Sarah Rodriguez found herself alone and in despair inside a hospital bathroom last December, where she stood quietly, collected herself and prayed that God would intervene in a seemingly hopeless situation to save her infant daughter's life.
"I said, 'God, if there's any way,'" Rodriguez recalled. "'Thirty days is not enough.'"
Ellis was just 2 weeks old when she contracted bacterial meningitis in November and had significant brain swelling as a result. Her baby on a ventilator, doctors delivered Rodriguez the heart-wrenching diagnosis: "Incompatible with life."
As she stood in the bathroom thinking and praying, Rodriguez said she was unimaginably distraught. Having been a Christian her entire life, abandoning God wasn't an option, but if her infant daughter died, she felt her faith would be forever changed.
Baby Ellis Rodriguez has a remarkable story. (Photo courtesy Sarah Rodriguez)
"I know that God is real enough that I will never be able to turn my back on him, but I don't know if I can serve him like I did before," she remembered thinking. "[Or] if I could ever make sense of that."
In the days leading up to the removal of the ventilator, Rodriguez said, she held out hope for a miracle, but was profoundly discouraged.
"They told me, 'It's worse than we ever thought,'" she said of the day before doctors decided to remove life support. They said there was profound damage to Ellis' brain. "I took that whole rest of the day and I said, 'All right, I'm going to say goodbye.' I cut locks of her hair. I painted her hands and did handprints and footprints."
Rodriguez, 33, who lost her husband, Joel, to kidney cancer in 2013, was left with no other choice but to take the child — a baby she had barely had the opportunity to get to know — off of life support just one month after her birth.
She walked out of the bathroom, mentally prepared to say goodbye. But as doctors removed Ellis from life support, allowing the grieving mother to hold and comfort her baby, Rodriguez said something miraculous happened.
Ellis began breathing on her own, which medical professionals previously told her would be highly unlikely.
"For the first hour I was rocking her. I read her a story, because I had never gotten the opportunity to give her a story," she said. "I'm giving her permission to leave. I was telling her, 'You get to meet your daddy today' — [trying] to make transition as peaceful as it could be."
Joel and Sarah Rodriguez (Photo courtesy Sarah Rodriguez)
But Ellis continued breathing, defying the very prognosis that was supposed to render the child "incompatible with life" — and the baby continues to beat the odds months later.
"They said, 'We don't think your child would ever breathe, but if she did happen to live, she would be a vegetable. She won't ever be a normal," Rodriguez recalled. "And what we've found is just the opposite. She had four different follow-up appointments. Every single one said, 'We're not seeing signs of damage with this child.'"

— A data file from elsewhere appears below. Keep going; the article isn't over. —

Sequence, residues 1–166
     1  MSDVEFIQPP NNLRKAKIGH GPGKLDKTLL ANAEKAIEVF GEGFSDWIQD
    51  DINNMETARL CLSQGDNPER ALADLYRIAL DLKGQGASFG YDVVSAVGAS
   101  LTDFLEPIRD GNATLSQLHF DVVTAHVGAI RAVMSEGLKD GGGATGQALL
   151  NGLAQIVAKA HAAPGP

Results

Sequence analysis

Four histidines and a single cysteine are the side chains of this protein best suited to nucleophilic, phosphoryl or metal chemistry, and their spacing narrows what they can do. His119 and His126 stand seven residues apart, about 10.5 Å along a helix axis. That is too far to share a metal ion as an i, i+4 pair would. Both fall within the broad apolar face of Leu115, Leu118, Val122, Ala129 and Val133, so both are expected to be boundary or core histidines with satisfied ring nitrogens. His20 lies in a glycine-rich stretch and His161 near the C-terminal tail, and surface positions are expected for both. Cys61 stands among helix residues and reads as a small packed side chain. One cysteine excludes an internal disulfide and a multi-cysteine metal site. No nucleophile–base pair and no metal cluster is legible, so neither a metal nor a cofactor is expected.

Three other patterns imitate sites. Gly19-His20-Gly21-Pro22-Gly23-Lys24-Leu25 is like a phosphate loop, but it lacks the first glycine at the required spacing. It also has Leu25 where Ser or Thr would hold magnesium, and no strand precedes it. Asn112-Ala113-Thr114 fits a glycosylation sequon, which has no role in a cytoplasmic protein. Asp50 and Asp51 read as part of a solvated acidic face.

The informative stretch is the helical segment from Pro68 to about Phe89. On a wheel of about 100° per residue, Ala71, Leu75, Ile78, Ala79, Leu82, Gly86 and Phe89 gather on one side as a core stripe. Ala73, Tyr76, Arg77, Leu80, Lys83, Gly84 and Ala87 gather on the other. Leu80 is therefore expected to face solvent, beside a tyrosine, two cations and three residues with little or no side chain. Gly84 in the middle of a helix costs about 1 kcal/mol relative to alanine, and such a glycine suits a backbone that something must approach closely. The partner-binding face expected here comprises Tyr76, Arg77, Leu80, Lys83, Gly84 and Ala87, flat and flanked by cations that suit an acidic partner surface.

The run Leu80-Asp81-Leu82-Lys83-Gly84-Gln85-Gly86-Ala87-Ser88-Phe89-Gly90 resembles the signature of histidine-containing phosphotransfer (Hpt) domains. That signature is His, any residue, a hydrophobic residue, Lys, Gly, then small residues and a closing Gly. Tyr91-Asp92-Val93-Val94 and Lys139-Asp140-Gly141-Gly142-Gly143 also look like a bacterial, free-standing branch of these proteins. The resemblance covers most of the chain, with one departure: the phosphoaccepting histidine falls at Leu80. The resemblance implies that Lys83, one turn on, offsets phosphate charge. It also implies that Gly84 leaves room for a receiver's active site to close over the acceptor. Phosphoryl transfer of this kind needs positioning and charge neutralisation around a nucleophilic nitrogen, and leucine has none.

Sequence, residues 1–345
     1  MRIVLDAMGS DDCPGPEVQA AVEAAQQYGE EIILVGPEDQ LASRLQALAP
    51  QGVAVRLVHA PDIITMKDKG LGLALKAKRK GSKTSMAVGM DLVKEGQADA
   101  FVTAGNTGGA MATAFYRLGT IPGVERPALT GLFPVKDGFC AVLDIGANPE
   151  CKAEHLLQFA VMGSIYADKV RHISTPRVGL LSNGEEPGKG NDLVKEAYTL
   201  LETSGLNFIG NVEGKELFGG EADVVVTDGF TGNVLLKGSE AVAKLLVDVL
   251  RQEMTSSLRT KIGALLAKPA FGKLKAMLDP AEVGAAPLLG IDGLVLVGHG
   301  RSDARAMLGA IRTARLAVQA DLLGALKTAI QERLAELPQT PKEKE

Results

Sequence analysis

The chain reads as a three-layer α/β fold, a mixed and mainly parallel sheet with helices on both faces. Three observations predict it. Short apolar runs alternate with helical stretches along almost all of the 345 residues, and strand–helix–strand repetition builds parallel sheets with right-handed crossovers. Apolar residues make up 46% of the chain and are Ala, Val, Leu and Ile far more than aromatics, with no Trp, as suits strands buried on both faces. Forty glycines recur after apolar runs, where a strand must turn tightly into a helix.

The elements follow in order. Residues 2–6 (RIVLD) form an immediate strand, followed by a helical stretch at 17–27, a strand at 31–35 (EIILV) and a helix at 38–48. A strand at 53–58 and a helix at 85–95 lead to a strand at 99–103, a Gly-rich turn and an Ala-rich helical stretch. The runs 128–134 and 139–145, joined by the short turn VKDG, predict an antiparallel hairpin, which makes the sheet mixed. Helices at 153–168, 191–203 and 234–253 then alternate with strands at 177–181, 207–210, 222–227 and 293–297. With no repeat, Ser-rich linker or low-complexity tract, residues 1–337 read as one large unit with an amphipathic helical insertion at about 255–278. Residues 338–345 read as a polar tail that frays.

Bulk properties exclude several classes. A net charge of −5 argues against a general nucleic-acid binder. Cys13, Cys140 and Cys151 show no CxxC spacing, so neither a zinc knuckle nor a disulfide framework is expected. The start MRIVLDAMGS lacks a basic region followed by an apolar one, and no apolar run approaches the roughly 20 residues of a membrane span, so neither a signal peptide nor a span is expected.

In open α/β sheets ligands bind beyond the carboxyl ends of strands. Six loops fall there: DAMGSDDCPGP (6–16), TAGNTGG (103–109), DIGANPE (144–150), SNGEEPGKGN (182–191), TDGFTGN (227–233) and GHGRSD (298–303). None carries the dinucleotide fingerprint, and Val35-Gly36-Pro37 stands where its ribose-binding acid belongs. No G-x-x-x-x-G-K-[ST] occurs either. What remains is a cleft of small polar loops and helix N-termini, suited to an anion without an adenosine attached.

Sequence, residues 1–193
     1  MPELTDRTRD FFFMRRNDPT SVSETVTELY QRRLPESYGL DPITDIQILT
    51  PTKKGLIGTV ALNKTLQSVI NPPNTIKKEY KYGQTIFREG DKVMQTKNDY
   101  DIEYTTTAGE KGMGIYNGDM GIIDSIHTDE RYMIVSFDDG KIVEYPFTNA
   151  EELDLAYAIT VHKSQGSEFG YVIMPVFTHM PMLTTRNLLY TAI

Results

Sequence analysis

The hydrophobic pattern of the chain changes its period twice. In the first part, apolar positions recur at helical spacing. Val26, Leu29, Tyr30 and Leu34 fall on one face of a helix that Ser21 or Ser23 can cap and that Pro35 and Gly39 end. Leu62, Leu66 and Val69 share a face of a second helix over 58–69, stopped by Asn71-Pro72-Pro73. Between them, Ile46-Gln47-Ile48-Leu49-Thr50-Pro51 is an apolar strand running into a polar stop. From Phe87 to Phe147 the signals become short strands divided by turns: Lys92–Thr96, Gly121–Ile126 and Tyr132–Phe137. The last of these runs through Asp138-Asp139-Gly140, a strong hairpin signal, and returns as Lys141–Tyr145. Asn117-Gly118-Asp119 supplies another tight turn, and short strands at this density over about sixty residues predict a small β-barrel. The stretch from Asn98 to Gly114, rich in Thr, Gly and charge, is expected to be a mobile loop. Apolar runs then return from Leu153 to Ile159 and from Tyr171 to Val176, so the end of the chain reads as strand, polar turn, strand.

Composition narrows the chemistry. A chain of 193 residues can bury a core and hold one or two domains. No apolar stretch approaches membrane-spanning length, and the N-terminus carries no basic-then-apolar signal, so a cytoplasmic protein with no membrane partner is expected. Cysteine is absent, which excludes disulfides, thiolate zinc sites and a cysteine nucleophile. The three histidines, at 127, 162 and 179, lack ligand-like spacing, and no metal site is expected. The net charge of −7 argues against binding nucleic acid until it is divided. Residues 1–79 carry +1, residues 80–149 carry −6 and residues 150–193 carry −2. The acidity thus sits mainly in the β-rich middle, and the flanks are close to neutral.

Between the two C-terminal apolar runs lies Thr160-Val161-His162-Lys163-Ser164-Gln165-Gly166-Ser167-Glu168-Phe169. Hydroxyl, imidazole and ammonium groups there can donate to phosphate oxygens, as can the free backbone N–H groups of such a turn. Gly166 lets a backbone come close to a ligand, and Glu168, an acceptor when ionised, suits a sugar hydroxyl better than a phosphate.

A physical therapist, too, said that developmentally speaking, Ellis is right where she should be, with one doctor telling Rodriguez that her daughter is "absolutely laughing in the face of medicine."
A Miracle From the Start
In many ways, Rodriguez said that Ellis has been a miracle from the start. Before her husband, Joel, died on July 23, 2013, she said that he randomly told her from his hospital bed one day that the couple, who had one son at the time, would soon also have a daughter.
"My first thought was, 'He's wrong,' because it's impossible," she said. "At that point in time, he was paralyzed in half of his body … he had not had a lot of success in his rehabilitation. I was looking at a life of a lot of uncertainty because of his condition."
Joel had undergone chemo and briefly went into remission before the couple — who had struggled with infertility issues — got pregnant with their son, Milo; a few days after Milo's birth, though, they found out that the cancer had returned. Joel eventually passed away at age 35.
Suddenly a single mother, Rodriguez remembered what her husband told her about a second child. And considering that the couple still had two embryos left over from their previous cycle, she made the decision after his death to have them implanted.
Ellis and Milo Rodriguez (Photo courtesy Sarah Rodriguez)
"The conversation in the hospital was at the forefront of my mind as I decided to move forward," she said. "I believe God is the giver of life and the pregnancy would not come to be unless he ordained it. Watching his plans unfold for her life has been nothing short of breathtaking."
Rodriguez, who grew up in a Christian home and attended Bible school, said the name "Ellis" originated in a dream she had about the child prior to her birth — and that she had never previously heard the name.
"Her name means 'Jehovah is God' and her life has certainly declared that," she said.
Learning Lessons Along the Way
The death of her husband and Ellis' survival have taught Rodriguez many lessons along the way.
"Everything became really real. I had grown up in it and thought I had lived through all the things that bring you closer to God," she said. "But the last four years tested my endurance."
Though she is overjoyed by Ellis' recovery, Rodriguez said that it's a daily journey still moving on after the loss of her husband.
"Nothing has been the same since losing him. I don't even view myself as the same person anymore," she said. "Once he was gone, so was the life we had together. I've have had to learn how to pick up the pieces and chart my own path, while also seeking to honor him and keep his presence a part of our life moving forward."
(H/T: Norman Transcript)